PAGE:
I’d add to that: there is only so fast that people want to eat. There’s a physical limit on the number of diners any restaurant can actually feed.

At any rate, the result of this is that it’s stupid to expect local service businesses to make step changes in productivity. If we actually want to improve productivity we should focus on those which are exporting services to a bigger market.  There are fewer of these, but the potential gains are much bigger. Here’s a chart:

The y-axis reflects number of businesses at different productivities, shown on the x-axis. So bigger numbers on the left are bad; bigger numbers on the right are good. 

The question of which exporting businesses are struggling to expand productivity is what leads to the report’s second insight:

Specifically it is the underperformance of exporting businesses in cities outside of the Greater South East that causes not only divergences across the country in wages and standards of living, but also hampers national productivity. These cities in particular should be of greatest concern to policy makers attempting to improve UK productivity overall.

In other words, it turned out, again, to the north-south divide that did it. I’m shocked. Are you shocked? This is my shocked face.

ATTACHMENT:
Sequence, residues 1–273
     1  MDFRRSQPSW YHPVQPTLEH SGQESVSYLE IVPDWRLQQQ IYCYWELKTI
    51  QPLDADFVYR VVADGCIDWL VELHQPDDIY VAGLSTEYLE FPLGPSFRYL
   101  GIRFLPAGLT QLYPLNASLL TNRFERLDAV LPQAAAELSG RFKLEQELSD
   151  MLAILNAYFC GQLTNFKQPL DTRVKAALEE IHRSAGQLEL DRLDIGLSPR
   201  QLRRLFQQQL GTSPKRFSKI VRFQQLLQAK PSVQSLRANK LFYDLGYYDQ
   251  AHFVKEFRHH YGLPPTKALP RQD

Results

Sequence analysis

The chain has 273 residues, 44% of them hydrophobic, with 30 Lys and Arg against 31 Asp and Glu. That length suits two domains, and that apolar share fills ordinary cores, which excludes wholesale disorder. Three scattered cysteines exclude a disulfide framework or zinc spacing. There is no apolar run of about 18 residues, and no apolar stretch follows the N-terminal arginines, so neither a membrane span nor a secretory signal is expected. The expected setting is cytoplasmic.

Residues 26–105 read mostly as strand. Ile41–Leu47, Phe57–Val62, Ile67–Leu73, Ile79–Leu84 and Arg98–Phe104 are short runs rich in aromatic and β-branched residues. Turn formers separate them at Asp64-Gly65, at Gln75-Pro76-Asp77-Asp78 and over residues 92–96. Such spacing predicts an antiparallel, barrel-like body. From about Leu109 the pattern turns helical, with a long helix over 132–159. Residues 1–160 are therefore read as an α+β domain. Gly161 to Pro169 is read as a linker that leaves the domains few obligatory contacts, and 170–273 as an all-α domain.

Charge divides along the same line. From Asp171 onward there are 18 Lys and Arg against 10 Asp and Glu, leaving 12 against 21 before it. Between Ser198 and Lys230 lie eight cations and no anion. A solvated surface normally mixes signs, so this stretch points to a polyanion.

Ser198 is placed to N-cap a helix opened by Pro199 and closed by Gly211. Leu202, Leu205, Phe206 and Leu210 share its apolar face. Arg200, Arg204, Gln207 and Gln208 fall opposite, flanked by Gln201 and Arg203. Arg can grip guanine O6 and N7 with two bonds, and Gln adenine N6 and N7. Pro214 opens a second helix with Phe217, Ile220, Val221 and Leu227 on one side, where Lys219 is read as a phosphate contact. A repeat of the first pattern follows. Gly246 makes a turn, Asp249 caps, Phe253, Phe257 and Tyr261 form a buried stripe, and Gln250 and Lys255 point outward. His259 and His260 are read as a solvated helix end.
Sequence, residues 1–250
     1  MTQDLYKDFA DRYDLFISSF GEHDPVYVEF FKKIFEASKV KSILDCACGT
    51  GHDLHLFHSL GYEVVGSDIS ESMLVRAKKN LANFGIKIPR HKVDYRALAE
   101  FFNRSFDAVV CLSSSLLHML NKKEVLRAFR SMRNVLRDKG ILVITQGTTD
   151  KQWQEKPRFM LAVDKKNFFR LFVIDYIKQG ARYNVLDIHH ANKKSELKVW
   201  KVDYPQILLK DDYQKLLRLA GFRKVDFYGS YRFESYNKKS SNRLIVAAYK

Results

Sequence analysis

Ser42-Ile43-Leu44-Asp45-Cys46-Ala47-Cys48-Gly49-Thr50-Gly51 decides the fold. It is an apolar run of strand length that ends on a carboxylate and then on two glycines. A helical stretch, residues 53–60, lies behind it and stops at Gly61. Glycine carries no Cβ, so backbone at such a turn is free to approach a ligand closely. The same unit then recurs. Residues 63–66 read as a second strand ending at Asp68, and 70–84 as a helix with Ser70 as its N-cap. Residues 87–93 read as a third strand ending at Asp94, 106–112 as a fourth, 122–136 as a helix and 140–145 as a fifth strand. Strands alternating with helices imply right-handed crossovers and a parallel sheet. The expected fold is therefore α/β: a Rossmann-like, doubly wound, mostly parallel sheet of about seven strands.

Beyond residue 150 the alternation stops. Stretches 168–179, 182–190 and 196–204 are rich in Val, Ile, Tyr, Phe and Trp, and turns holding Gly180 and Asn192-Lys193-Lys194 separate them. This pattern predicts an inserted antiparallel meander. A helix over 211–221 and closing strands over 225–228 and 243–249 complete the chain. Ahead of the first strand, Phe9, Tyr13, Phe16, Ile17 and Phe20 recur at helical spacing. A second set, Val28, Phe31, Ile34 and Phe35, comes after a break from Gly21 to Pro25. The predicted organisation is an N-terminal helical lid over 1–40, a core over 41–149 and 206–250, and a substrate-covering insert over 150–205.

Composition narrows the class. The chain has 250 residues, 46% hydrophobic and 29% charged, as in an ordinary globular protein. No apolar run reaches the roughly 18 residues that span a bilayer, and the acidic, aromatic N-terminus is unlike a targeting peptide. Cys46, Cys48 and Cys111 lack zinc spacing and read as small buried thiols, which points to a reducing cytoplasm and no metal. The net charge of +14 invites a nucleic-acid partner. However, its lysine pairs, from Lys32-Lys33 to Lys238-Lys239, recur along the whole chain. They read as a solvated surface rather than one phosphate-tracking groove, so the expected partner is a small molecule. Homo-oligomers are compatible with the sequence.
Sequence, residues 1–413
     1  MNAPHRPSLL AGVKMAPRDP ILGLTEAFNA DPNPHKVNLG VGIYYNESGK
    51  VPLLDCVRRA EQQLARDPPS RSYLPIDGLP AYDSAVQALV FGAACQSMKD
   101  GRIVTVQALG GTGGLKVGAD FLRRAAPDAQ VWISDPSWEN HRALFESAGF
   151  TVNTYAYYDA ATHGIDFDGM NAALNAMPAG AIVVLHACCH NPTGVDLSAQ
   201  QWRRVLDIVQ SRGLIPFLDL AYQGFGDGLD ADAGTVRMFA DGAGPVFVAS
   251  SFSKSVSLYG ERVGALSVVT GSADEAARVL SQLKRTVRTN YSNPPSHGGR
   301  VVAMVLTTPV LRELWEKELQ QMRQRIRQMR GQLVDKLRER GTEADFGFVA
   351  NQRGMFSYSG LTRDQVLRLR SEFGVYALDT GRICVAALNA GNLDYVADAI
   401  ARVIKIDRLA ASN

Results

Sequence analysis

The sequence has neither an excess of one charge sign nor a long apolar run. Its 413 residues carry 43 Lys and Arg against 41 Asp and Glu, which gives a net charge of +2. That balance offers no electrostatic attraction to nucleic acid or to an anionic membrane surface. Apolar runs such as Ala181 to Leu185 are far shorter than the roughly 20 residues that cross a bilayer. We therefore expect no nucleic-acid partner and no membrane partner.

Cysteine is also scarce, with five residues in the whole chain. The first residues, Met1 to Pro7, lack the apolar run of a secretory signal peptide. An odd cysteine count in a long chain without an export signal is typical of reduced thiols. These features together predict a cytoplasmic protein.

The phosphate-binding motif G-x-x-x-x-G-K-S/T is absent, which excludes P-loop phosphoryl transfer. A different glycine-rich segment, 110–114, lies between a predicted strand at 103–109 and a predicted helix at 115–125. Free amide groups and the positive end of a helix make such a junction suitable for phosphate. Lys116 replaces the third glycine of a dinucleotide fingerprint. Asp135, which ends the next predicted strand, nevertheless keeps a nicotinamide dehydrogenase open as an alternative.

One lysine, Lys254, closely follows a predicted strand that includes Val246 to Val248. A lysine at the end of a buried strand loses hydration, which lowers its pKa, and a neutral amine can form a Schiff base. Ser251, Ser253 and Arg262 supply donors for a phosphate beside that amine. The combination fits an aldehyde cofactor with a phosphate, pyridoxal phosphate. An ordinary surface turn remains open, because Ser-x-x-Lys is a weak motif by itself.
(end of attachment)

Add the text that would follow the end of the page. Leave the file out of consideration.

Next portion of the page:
The best way to demonstrate this shocking insight is with some more graphs. This first one shows the distribution of productivity in local services business in four different types of place: cities in the south east (GSE) in light green, cities in the rest of the country (RoGB) in dark green, non-urban areas in the south east in purple, non-urban areas everywhere else in turquoise.

The four lines are fairly consistent. The light green, representing south eastern cities has a lower peak on the left, meaning slightly fewer low productivity businesses, but is slightly higher on the right, meaning slightly more high productivity businesses. In other words, local services businesses in the south eastern cities are more productive than those elsewhere – but the gap is pretty narrow.